Trick or Treat! Halloween Safety Tips
Between having the chance to get dressed up and being able to get free candy, Halloween can easily be one of the most exciting days of the year for a kid. But when you’re a kid, you get so wrapped up in all the fun of the day that you don’t stop to think that it might potentially be dangerous in any way. In reality, it’s very easy for Halloween to turn dangerous if you’re not careful. But there are a few easy things adults can do to help make the day safe and fun for children, and hopefully prevent a personal injury lawsuit.
According to the Mayo Clinic, children are twice as likely to be hit by a car on Halloween than on any other night of the year. When all those trick-or-treaters are out and about after dark, drivers can have a harder time seeing them. If you’re going to be out trick or treating with your kids, make sure to always cross streets at a corner and teach your children to never cross a street by moving out in between cars parked on the street. If a child tries crossing a street by stepping out between parked cars, it can be very difficult for drivers to see them and stop in time.
Of course, it’s also best to stick to walking on sidewalks as much as possible. If you’re not able to walk on sidewalks, walk as far to the side of the road as possible and walk facing traffic.
Since trick or treating often means being outside after dark, anything you can do to make yourself visible is an extremely important way to stay safe. Attaching reflective tape to a costume is a great option, especially if a costume is darkly colored. Carrying flashlights or glow sticks will also help you stand out to drivers.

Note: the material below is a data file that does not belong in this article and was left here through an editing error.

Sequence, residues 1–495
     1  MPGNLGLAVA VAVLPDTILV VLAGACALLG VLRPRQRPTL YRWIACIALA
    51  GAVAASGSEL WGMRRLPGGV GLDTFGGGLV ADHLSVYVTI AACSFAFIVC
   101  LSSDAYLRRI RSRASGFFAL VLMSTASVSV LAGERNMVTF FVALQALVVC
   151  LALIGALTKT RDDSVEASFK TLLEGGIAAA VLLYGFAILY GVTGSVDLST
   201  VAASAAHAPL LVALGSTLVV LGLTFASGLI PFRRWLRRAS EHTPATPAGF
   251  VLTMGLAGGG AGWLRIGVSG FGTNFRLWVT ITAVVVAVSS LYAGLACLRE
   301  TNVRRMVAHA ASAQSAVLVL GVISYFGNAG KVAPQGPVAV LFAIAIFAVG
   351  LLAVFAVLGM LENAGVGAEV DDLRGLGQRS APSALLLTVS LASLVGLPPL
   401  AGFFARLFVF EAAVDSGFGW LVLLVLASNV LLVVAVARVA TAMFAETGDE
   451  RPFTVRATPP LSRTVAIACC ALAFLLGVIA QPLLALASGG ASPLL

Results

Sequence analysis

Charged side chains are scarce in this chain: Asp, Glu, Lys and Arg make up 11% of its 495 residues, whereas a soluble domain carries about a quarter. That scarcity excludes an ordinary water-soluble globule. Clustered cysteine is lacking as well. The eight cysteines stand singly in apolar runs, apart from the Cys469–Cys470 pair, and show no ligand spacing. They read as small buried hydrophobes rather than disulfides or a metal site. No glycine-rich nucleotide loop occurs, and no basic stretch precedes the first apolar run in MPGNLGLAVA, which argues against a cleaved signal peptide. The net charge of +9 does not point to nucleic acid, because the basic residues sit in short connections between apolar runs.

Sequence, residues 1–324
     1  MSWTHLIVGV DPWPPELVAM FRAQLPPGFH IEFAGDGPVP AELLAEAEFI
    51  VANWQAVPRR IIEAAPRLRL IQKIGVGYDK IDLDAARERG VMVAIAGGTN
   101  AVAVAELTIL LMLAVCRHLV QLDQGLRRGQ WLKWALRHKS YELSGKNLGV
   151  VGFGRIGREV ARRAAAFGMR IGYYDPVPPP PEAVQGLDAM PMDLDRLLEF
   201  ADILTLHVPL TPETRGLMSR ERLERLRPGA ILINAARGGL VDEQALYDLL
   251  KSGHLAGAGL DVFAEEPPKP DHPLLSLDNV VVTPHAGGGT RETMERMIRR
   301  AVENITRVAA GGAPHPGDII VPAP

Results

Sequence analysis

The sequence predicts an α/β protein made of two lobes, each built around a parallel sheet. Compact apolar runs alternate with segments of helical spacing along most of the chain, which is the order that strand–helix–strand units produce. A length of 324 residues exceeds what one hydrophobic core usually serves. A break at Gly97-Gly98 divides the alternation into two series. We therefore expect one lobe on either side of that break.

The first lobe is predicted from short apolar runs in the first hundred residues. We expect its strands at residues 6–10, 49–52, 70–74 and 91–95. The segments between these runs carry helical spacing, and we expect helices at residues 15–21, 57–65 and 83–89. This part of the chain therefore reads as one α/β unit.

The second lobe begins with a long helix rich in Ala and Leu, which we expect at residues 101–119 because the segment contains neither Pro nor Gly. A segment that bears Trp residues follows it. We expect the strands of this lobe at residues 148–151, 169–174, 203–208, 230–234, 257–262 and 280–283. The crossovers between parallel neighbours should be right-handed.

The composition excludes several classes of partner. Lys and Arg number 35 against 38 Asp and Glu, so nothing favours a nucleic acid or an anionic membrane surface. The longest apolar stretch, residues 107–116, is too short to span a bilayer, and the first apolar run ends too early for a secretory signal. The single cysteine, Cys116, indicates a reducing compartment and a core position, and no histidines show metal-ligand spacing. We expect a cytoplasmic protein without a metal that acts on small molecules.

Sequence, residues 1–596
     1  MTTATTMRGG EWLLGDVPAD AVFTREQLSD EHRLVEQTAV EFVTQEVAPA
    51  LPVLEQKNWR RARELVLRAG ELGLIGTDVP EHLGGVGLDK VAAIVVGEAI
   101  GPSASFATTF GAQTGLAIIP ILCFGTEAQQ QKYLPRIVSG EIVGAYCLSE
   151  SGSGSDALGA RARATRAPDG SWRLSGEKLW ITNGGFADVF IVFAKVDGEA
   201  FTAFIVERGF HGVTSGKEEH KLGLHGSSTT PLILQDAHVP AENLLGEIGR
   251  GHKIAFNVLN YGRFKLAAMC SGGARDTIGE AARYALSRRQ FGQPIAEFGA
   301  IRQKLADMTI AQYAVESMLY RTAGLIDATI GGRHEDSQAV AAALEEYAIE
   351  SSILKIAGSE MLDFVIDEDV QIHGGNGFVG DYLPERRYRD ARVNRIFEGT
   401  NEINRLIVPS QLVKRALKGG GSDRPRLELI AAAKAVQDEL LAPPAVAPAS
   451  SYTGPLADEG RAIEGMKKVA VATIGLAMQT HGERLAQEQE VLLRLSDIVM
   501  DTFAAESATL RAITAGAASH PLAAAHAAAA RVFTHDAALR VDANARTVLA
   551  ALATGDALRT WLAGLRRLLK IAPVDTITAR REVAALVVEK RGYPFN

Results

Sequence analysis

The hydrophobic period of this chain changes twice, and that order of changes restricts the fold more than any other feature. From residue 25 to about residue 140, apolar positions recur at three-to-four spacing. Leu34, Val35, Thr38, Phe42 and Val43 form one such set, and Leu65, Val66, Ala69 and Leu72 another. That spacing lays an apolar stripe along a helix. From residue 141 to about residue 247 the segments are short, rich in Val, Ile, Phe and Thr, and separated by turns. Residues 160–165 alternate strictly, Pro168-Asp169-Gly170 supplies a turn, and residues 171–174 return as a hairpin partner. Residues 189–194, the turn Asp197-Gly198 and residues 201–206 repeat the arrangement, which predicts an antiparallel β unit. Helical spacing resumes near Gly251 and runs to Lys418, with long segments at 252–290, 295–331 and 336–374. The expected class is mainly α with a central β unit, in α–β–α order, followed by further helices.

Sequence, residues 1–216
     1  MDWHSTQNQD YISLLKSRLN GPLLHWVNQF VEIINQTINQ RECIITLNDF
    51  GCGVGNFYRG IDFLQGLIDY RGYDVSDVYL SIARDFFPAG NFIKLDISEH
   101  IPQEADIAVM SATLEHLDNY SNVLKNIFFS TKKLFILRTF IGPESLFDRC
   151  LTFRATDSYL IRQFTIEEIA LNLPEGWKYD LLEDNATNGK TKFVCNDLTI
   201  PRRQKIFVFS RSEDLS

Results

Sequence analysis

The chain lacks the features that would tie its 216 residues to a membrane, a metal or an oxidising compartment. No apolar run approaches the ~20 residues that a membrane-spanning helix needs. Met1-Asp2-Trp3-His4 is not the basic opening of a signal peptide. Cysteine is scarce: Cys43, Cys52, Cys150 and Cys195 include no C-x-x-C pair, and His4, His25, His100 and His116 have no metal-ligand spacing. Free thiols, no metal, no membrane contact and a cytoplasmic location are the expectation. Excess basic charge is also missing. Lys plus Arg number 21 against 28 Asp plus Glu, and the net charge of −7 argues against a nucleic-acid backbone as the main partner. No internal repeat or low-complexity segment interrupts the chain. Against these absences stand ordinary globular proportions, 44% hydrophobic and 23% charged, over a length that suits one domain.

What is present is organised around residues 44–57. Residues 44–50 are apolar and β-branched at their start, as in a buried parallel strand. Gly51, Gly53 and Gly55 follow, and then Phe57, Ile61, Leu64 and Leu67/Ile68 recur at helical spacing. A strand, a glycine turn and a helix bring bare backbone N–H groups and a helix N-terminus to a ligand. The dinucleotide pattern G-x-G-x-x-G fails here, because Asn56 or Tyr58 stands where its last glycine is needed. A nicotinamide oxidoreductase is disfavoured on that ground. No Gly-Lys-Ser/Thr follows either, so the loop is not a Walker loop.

Even if you won’t be out trick or treating this Halloween, if you’re planning to drive somewhere during trick or treating hours, be on very high alert for children. Be particularly careful when backing out of driveways. If you’re going to be driving through residential neighborhoods, be sure to drive slowly, especially if there are cars parked on the street. Make sure your headlights are on so that it’s easier to see pedestrians and for pedestrians to see you. Remember that cities often have different rules about trick or treating, but you can generally expect to see more pedestrians than normal between 5:30 PM and 9:30 PM.
If you’re planning to hand out candy to trick-or-treaters this year, take some time to make sure there aren’t any hazards in your yard that could cause a child to fall and get hurt. Leaves that have fallen on the ground can be extremely slippery, particularly if they’re wet. So if you have leaves on your walkway or driveway (or any other area where visitors will be walking), take some time to clear them out of the way, especially if it’s rained recently. Be sure to look for other things which could be easy to trip over, such as a garden hose or toys that have been left in the yard. Also, don’t forget to make sure the porch or other area where you’ll be handing out candy is well lit.
Dog owners who will be handing out candy to trick-or-treaters should take extra steps to keep their dog under control. If your dog tends to get overly excited by visitors, it’s best to keep the dog in a separate room of the house until trick or treating is over so that it won’t be likely to try getting out of the house or bite visitors. But even if your dog typically does well with visitors, it’s still smart to keep it secured away from the door during trick or treating. Having that many visitors in such a small amount of time can be stressful for pets, especially when those visitors are likely to be wearing unusual outfits or making noise, and they may act out accordingly. Keeping your dog contained in the house also helps protect your pet since it makes it less likely it will escape anytime the door is opened.
Have a safe and happy Halloween!